Woodberry swamp and floodgate project to benefit from EPA enforceable undertakings
Newcastle Stevedores and the Port of Newcastle Operations, as trustee for the Port of Newcastle Unit Trust, have entered into Enforceable Undertakings with the NSW Environment Protection Authority (EPA) as a result of a pollution incident. Each party will provide $27,500 to the Woodberry Swamp and Floodgate Project.
The pollution incident occurred in June 2014, when almost one tonne of ammonium nitrate was accidently dropped into Newcastle Harbour while being unloaded from a ship at the number 4 Mayfield Berth.
Adam Gilligan, Hunter Region Manager, EPA, said although the incident was not intentional, it was contrary to the Protection of the Environment Operations Act 1997. The Act makes it an offence to pollute any waters.
“The incident was caused by Newcastle Stevedores staff lifting a damaged cargo bag, not appropriately attaching the cargo bag to the lifting crane and holding the cargo bag over the space between the wharf and the ship, as the wharf was not clear to receive the cargo bag prior to commencing the lift.
Although neither company intentionally set out to pollute, a large quantity of ammonium nitrate was dropped into Newcastle Harbour. When mixed with water, ammonium nitrate releases nitrogen, an element which contributes a significant nutrient load to the environment. In large quantities, this can have detrimental impacts on the environment,” he said.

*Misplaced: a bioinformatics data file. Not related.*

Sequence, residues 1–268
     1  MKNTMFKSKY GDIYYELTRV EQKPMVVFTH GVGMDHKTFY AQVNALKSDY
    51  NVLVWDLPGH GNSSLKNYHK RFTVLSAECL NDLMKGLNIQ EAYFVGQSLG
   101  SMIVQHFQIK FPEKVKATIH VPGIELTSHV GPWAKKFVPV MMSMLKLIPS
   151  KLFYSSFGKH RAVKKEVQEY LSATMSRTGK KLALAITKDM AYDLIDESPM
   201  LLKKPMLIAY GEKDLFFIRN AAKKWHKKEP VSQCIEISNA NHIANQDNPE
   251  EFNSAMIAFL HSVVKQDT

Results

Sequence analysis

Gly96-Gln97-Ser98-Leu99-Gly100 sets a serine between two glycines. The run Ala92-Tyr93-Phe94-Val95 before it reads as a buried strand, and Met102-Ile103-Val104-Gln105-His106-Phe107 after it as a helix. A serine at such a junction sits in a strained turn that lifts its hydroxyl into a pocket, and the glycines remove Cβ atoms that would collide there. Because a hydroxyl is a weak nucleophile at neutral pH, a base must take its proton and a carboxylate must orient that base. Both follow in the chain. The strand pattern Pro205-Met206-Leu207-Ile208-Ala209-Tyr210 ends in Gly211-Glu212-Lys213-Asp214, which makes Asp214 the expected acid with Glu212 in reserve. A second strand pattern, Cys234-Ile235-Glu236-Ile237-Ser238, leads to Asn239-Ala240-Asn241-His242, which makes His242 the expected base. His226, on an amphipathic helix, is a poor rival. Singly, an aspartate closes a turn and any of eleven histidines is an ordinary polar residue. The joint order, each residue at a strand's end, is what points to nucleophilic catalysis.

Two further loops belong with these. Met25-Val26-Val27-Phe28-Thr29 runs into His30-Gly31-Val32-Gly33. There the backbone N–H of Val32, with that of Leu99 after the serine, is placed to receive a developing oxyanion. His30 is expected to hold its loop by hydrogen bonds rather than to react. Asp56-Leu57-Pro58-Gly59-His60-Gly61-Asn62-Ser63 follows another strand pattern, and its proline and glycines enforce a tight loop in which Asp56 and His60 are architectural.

Newcastle Stevedores has since implemented a range of measures to prevent this type of incident from reoccurring, including staff training, the implementation of new safety procedures and the identification and assessment of damage to cargo bags.
The Port of Newcastle’s prevention measures include new requirements for the handling of ammonium nitrate, ensuring that staff are adequately trained in the loading and stowage of the chemical and that the procedures for cargo lashing methods are reviewed. The company also issued an environment/safety alert to all port users citing the incident as a case study to encourage the development of safe cargo systems and procedures.
Under the terms of both Enforceable Undertakings, a total of $55,000 will be paid to the Department of Primary Industries to conduct research into surface soil acidity at Woodberry Swamp and fund modifications to the Greenways Creek flood gate, so the area receives regular tidal flushing to help reduce the damage caused by the acidity of the surface soil.
Mr Gilligan continued and said “Enforceable Undertakings are just one of a number of tools the EPA can use to achieve environmental compliance from industry. Others include formal warnings, penalty notices, notices and directions, mandatory audits, and, when necessary, prosecutions.
“Enforceable undertakings may be entered into by the EPA for a variety reasons, including where the EPA is concerned there has been a breach of the Protection of the Environment Operations Act 1997. Enforceable undertakings can include requirements to ensure that measures are promptly put in place to redress any environmental harm and obtain a good and lasting benefit for the environment,” he said.
For more information about the EPA’s regulatory tools, see the EPA Compliance Policy www.epa.nsw.gov.au/legislation/130251epacompl.htm